No word how many FCPS teachers called out sick after association calls for ‘mental health day’

A teachers’ association urged teachers in Fairfax County Public Schools to call in sick Wednesday.

The Fairfax Education Association wanted teachers to take a “mental health day” as they decide how they will respond to a gradual return to in-person learning.

Teachers face an Oct. 30 deadline to say whether they will return to the classroom, seek a leave of absence or resign.

Virginia’s largest school system did not have an official update on how many may have done so. Just before 11 a.m., Fairfax County Public Schools spokeswoman Lucy H. Caldwell didn’t give any numbers on how many teachers were out; she said the impact on instruction was “minimal” through the morning.

Earlier Caldwell said “there are approximately 3.5 percent of FCPS students receiving in-person instruction supported by approximately 600 teachers,” FCPS spokeswoman Lucy H. Caldwell said.

The statement from the school system went on to say:

Many of our teachers have told us they want to return to the classroom, and believe that the steps FCPS has taken make it safe for them to do so. For others, we have offered a variety of alternatives in a good faith effort to accommodate their preferences.

We are doing our best to balance the needs of students, some of whom are struggling with distance learning, and the needs of our instructional staff. Our return-to-school plan, in which gradually certain cohorts of students and their teachers return to in-person instruction, prioritizes the safety of students and staff. We have protocols in place, robust health and safety metrics, a transparent dashboard, and a phased-in approach that will allow us to closely monitor conditions and to make necessary adjustments.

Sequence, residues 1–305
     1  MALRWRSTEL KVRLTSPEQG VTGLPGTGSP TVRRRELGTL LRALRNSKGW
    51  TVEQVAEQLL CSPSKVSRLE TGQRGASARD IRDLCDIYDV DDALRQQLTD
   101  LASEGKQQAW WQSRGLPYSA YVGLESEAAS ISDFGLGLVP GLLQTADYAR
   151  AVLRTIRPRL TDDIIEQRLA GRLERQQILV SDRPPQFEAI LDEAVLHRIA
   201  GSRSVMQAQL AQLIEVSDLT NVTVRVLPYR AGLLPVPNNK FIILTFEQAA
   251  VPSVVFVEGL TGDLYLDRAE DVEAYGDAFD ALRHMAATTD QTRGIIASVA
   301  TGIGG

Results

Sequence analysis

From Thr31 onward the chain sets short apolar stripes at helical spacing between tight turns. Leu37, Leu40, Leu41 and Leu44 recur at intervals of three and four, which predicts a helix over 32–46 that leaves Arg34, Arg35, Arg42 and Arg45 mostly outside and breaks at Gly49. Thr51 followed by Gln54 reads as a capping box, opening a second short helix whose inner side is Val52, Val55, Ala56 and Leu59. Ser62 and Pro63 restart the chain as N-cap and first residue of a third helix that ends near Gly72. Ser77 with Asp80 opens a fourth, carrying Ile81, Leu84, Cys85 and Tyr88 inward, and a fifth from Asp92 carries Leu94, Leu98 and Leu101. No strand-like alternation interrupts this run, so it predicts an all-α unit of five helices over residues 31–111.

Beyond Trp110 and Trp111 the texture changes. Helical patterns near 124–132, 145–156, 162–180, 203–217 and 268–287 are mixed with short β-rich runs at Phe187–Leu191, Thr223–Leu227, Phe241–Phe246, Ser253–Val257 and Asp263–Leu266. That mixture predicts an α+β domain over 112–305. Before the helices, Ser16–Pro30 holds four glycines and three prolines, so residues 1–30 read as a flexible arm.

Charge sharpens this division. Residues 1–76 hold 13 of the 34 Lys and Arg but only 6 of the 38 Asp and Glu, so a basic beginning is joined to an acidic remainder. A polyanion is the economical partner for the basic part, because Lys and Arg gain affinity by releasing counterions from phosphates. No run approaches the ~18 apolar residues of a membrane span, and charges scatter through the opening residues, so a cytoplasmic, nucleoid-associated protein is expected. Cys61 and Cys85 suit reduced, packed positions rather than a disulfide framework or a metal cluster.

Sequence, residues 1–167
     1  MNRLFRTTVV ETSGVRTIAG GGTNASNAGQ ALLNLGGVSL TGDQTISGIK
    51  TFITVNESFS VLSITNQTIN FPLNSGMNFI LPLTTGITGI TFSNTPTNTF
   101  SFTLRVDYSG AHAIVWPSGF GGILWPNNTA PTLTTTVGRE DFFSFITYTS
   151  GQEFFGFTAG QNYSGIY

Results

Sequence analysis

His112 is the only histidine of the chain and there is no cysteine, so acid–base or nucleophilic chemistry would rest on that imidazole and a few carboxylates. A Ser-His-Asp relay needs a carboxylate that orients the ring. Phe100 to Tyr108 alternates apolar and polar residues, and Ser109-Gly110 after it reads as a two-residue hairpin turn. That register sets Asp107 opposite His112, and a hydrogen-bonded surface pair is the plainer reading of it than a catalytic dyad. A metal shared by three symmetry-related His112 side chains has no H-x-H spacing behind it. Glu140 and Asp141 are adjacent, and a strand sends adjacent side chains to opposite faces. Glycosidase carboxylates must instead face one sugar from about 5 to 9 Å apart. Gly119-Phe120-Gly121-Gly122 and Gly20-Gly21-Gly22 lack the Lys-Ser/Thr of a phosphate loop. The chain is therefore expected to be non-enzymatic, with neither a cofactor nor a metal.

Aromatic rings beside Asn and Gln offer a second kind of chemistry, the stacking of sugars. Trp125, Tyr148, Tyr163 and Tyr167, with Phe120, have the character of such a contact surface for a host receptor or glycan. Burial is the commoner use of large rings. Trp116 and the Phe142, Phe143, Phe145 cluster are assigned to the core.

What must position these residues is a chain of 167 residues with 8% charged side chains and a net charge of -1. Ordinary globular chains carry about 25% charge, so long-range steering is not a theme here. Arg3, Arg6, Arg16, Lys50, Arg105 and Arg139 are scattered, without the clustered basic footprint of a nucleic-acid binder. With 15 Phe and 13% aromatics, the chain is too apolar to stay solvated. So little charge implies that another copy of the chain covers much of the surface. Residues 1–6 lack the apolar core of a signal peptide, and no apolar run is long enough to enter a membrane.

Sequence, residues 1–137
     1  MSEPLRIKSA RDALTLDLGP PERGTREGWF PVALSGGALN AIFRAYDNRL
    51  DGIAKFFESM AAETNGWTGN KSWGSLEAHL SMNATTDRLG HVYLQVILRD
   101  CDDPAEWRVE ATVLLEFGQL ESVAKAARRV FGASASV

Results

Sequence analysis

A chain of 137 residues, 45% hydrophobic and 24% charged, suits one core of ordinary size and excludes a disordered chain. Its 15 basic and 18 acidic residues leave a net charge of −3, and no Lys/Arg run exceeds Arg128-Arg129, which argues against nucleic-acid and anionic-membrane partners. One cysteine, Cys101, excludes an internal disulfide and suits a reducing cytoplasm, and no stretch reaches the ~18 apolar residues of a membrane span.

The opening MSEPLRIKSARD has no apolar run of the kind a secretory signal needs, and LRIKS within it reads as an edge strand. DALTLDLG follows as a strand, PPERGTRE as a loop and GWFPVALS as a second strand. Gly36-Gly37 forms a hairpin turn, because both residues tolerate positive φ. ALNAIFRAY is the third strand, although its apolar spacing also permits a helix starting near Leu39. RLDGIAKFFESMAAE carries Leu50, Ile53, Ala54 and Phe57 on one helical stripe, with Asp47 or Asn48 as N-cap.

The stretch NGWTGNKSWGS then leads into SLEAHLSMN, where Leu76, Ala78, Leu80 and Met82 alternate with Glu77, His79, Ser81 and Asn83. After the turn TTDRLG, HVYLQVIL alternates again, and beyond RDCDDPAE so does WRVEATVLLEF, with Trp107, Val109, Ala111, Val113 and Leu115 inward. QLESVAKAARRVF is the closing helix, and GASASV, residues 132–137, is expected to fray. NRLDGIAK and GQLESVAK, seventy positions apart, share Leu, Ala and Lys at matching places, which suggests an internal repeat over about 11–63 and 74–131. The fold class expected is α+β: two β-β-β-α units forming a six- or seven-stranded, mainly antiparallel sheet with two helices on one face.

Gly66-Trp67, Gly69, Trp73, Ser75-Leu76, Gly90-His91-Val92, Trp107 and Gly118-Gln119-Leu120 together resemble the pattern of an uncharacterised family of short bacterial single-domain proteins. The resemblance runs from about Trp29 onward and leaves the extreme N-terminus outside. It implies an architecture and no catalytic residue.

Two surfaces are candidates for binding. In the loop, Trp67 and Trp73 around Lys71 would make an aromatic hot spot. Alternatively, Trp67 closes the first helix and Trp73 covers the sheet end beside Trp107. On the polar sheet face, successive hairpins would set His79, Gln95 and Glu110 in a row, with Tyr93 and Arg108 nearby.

We call upon the FEA to work with us constructively in bringing about a safe return to the classroom.”

The Fairfax Education Association, which represents about 4,000 teachers and staff in the Fairfax County school system wants school to remain fully virtual for the year because of concerns about coronavirus.

“We are drawing a line by protecting our members,” said Kimberly Adams, president of the association.

FCPS is the the nation’s 10th largest school district and employs almost 25,000.

The vast majority of Fairfax County Public Schools’ 187,000 students are currently attending fully virtual classes. Superintendent Scott Brabrand has outlined a plan that would have students return in stages through late January to two days a week of in-school learning.

He has accelerated the timeline slightly on request from the school board, which has asked him to come up with an even earlier timetable.

The Associated Press contributed to this story.

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